Statistics show the number of sexual assault cases against children have continued to be on the higher side in the national capital.
According to the NCRB data, Delhi records the highest number of rape cases where victims are minors. 1,004 cases of rape of minors were registered in 2014, while in 2015, the figure was 927.
Experts say that the dangerous trend is to be blamed on the poor infrastructure, lack of sensitivity among the people and an exposed life that make children vulnerable to the crime.
Former IPS, Amod Kanth told HT that children residing in slums and unauthorised colonies are more vulnerable to the crime as they are often left unattended by their parents and are seen as easy targets.
“Majority of the victims belong to poor background. They live in slums and open spaces and live an exposed life. For offenders, these children are easily accessible and usually become their targets,” he said.
“Their parents go and work in different households and leave their children unattended. There is lack of protection and care and devils on the prowl, usually people in the neighbourhoods, find them as easy targets.”
Data compiled by an NGO and Delhi Police last year revealed that over 90% of minor rape victims were abducted from near their house by neighbours or tenants. Over 85% rapes took place in houses or in slum clusters where the accused were known to the victim.
Lack of proper infrastructure including basic facilities such as toilets and lack of proper lighting also make the children more vulnerable. “In many cases the victims share that they were molested or raped when they went outside their home to relieve themselves,” he said.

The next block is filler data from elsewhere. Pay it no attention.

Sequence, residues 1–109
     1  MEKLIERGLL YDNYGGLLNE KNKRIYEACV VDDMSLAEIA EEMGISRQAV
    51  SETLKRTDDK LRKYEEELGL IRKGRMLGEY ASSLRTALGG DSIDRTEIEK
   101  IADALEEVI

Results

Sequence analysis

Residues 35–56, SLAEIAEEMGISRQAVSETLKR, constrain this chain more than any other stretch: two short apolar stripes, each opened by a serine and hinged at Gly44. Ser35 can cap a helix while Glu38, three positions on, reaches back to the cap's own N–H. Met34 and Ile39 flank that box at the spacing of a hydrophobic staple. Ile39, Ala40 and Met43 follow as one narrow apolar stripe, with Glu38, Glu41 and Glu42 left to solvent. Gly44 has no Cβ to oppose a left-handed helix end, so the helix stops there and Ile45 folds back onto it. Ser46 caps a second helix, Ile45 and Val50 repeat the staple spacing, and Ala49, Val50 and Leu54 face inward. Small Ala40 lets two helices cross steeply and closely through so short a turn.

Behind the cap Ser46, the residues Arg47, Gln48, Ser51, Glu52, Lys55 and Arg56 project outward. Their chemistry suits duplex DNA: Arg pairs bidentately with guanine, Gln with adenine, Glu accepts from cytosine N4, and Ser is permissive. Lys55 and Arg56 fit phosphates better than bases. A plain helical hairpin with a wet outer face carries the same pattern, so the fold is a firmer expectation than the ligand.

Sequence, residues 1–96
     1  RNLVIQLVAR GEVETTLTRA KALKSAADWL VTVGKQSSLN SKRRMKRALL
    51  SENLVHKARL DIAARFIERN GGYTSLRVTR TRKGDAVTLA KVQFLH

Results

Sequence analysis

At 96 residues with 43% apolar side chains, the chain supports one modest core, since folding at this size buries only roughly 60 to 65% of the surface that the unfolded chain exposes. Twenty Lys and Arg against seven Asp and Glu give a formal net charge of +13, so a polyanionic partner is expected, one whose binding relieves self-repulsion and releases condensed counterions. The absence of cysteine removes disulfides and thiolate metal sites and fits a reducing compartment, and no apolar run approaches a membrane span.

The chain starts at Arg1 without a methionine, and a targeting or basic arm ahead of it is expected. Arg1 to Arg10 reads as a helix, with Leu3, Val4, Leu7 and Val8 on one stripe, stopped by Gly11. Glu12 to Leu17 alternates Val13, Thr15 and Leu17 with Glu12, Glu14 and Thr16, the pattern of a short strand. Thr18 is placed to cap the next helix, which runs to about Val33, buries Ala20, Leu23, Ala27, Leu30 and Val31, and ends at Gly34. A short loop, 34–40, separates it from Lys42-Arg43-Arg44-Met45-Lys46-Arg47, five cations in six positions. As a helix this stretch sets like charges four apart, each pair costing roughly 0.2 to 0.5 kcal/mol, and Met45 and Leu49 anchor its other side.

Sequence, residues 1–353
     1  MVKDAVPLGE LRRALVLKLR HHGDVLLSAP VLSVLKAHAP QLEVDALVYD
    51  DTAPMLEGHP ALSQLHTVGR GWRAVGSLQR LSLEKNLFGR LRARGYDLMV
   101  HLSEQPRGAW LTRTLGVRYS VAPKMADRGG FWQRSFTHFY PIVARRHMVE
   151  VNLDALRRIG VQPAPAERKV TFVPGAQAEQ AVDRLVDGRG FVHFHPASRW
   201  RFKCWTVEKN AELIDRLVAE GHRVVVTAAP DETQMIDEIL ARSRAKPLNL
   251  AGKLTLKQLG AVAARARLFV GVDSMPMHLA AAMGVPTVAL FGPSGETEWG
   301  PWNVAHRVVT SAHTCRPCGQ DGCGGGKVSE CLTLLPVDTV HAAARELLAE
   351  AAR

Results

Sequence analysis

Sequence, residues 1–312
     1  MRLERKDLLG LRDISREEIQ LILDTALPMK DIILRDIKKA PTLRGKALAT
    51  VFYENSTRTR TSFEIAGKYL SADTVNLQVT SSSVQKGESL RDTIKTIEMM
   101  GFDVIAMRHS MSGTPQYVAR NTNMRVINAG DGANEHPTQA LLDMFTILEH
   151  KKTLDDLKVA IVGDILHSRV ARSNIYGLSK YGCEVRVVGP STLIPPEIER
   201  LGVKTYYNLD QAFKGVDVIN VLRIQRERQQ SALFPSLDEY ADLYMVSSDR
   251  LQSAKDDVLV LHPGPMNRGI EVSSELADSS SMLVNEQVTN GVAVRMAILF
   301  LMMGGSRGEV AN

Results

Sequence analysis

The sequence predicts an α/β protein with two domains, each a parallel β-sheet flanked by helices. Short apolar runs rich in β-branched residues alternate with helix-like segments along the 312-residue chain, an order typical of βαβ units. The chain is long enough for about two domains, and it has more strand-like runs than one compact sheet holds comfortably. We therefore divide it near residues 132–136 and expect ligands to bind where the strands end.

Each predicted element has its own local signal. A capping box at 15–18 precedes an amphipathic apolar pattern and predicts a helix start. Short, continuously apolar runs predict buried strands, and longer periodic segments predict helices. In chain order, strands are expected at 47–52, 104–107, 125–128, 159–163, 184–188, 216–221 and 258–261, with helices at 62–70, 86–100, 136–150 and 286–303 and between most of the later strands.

Gender expert Kalpana Vishwanath said that children fall prey and are seen as easy targets as they have no voice. “The rapists feel that they are going to get away with the crime as a child will not raise her voice. It is a very disturbing trend and needs proper intervention. Parents should be sensitised on the issue. The government should work on opening creches and day care centres for children where working mothers can leave their children,” she said.
Rishi Kant, an activist with NGO Shakti Vahini explained that most culprits are not convicted for the crime which encourages them to target more children. “These men target children aged between 2 and 6 years because they are unable to identify them in court and are unable to give a proper statement. These children are not coherent and their statement is not consistent. In most cases, the defence lawyers take advantage of it and the conviction does not happen,” he said.
Kant also blamed the rising trend on increased curiosity about sex in youngsters. “Most of these families live in one room tenements where the parents and children sleep together. At times youngsters witness sexual activity inside the house and get curious. They then wish to practice it and children in the area become targets,” he said.